American professor of cognitive science who won both the Pulitzer Prize and the National Book Award for his book, Gödel, Escher, Bach: an Eternal Golden Braid, which was first published in 1979.
He received his Ph.D. in physics from the University of Oregon in 1975, after graduating from Stanford University with a BA in mathematics in 1959.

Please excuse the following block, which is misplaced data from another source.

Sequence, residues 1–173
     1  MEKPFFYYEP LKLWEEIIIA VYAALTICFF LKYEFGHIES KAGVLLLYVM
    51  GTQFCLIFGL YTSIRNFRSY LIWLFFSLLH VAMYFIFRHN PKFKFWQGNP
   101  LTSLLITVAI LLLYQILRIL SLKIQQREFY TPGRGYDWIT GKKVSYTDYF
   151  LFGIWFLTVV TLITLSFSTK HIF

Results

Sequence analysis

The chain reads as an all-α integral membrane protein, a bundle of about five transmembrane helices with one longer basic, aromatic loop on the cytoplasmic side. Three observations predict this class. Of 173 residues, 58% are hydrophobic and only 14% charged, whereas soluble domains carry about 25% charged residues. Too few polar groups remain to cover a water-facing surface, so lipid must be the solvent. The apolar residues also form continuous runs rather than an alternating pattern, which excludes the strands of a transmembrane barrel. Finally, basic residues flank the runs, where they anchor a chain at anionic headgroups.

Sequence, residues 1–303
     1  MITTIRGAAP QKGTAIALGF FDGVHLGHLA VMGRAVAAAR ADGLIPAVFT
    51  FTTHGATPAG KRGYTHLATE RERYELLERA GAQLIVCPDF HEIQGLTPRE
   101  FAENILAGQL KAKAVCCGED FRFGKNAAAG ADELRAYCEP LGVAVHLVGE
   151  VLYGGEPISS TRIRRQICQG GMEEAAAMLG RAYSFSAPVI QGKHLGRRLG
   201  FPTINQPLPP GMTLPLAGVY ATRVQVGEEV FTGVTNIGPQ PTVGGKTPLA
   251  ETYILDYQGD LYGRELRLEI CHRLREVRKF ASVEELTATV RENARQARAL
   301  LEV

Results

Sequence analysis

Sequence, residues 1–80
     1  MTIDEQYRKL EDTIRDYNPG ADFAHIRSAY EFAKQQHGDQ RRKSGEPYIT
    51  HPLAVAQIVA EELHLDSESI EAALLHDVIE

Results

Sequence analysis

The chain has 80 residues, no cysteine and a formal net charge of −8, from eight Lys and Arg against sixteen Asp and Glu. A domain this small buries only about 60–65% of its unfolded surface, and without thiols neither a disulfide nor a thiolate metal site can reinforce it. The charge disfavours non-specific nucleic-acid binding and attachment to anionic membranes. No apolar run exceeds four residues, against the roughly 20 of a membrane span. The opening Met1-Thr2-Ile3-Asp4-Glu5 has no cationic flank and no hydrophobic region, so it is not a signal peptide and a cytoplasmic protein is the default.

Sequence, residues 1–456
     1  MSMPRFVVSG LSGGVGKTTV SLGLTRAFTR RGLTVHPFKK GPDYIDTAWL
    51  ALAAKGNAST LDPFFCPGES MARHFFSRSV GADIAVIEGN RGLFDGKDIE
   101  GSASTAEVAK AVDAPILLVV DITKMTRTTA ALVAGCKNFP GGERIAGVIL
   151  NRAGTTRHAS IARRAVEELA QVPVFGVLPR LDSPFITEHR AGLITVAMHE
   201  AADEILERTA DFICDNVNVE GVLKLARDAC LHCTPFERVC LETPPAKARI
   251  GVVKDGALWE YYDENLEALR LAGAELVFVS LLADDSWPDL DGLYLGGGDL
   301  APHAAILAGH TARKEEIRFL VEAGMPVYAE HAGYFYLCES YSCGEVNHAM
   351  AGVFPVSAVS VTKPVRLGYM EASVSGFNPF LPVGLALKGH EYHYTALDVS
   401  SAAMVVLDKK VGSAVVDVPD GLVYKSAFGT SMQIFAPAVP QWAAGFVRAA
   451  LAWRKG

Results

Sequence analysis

Hofstadter's law, which he named after himself, states that it always takes longer to complete tasks of substantial complexity than you originally thought it would.
He had two children with his first wife Carol Ann Brush.
He has participated in panels about technological singularity with Ray Kurzweil .